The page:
How to Test a Function That Raises an Exception

March 11, 2018 · 2 minutes

This article demonstrates how to create a unit test for a Python function that raises an exception.


For example, let’s say I have a function set:

def set(self, k, v):
    Set the value of a Setting specified by its key.

    :param k: key of Setting
    :type k: str
    :param v: value of Setting
    :type v: bool
    :return: None
    :rtype: None
    if not isinstance(v, bool):
        raise TypeError(
            '\'{}\' is not of type bool.'.format(v))

    for setting in self.settings:
        if setting.key == k:
            setting.value = v
        raise KeyError(k)

How do I elicit a TypeError and/or KeyError. Also, how do I test the exception message?


The solution is to use assertRaises. assertRaises allows an exception to be encapsulated, which means that the test can throw an exception without exiting execution, as is normally the case for unhandled exceptions.

There are two ways to use assertRaises:

  1. Using keyword arguments.
  2. Using a context manager.

The first is the most straight forward:

assertRaises(exception, callable, *args, **kwds)

Simply pass the exception, the callable function, and the parameters of the callable function as keyword arguments that will elicit the exception.

The second is slightly more involved:

assertRaises(exception, msg=None)

Call the function that should raise the exception with a context. The context manager will store the caught exception object in its exception attribute. This can be useful if the intention is to perform additional checks on the exception raised.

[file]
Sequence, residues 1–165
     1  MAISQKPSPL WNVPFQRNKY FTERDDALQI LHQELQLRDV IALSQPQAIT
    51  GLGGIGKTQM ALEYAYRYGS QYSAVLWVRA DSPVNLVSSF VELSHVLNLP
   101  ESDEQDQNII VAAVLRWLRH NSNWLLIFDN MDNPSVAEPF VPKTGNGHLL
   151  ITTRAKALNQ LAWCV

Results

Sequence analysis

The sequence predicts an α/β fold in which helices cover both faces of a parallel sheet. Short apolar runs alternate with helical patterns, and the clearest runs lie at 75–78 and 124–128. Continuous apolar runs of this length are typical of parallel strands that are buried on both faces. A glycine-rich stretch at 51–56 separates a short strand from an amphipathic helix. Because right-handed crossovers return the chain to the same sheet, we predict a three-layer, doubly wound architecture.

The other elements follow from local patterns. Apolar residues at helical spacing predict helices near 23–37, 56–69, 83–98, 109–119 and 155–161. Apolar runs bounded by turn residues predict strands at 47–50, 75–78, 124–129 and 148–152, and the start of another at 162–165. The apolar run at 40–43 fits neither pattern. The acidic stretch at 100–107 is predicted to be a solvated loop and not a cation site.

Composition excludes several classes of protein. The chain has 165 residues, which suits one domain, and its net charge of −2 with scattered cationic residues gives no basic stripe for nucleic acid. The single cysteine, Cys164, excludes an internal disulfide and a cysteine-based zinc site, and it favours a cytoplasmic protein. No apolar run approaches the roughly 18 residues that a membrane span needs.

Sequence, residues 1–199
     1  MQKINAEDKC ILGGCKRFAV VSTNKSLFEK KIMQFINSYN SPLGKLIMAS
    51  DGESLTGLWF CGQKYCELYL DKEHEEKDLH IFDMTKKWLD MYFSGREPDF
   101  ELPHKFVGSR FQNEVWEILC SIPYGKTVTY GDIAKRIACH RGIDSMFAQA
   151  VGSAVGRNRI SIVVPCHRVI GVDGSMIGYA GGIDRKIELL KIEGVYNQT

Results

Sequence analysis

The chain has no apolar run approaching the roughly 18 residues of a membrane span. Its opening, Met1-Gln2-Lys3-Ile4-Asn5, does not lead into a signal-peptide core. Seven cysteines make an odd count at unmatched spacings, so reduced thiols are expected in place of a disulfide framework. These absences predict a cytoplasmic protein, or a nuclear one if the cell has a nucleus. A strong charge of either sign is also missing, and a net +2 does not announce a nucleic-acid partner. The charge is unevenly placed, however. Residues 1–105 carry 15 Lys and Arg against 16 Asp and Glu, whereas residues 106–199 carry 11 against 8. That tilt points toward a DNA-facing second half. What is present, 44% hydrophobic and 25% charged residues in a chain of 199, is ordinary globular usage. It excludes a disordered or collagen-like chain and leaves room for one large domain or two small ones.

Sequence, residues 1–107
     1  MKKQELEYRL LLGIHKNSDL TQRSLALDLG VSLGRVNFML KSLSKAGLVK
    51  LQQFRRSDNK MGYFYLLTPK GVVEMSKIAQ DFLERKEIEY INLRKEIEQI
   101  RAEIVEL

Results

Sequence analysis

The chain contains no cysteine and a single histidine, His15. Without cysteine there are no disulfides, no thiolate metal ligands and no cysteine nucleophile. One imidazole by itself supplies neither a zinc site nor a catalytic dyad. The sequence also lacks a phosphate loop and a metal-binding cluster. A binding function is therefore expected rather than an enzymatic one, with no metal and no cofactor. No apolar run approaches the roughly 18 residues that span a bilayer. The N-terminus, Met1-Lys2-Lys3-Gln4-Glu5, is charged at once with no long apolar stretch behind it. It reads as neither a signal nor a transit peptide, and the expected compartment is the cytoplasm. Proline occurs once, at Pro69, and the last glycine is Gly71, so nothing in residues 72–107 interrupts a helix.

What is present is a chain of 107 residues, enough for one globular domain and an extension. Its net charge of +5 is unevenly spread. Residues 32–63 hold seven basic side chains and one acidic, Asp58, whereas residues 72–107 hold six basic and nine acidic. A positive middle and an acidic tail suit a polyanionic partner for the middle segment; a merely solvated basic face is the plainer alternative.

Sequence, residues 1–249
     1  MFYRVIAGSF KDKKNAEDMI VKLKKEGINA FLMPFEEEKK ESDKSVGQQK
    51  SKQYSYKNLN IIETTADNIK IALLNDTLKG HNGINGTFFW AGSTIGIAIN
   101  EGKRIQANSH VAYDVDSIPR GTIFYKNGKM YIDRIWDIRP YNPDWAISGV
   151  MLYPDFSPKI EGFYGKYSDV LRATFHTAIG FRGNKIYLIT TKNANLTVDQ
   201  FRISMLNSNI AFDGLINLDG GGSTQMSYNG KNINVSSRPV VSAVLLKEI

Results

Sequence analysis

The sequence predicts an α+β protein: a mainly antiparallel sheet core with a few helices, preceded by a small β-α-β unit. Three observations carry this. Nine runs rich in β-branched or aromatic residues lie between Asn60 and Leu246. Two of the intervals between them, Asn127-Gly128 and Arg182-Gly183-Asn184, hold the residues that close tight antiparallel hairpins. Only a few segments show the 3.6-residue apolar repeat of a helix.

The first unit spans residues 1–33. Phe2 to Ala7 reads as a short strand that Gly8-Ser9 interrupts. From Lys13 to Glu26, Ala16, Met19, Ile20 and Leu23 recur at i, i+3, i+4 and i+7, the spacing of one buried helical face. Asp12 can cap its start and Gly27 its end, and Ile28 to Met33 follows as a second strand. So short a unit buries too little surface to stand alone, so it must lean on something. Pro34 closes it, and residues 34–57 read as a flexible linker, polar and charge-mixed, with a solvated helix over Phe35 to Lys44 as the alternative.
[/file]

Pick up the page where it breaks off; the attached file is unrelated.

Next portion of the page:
Here is a unit test that tests for both the KeyError and ValueError with its exception message raised in the original function:

def test_set(self):
    m = MessageSettings(**self.kwargs)
    m.set('a', True)
    ), m)
    self.assertRaises(KeyError, m.set, **{'k': 'x', 'v': True})
    with self.assertRaises(TypeError) as context:
        m.set('a', 'True')
        '\'True\' is not of type bool.', str(context.exception))

I have seen instances where a side_effect is used in order to simulate an exception. For example:

import unittest

import my_module

class MyTestCase(unittest.TestCase):
    def setUp(self):
        self.mock_logging = patch.object(
            my_module, 'logging', autoSpec=True).start()

    def test(self): = my_module.DeadlineExceededError

Such a pattern is ill-advised for this instance, since it couples the test case to the existence of the logging module and the explicit call to the patched module in the function that you are testing. Removing a call to the logging module will cause the unit test to fail.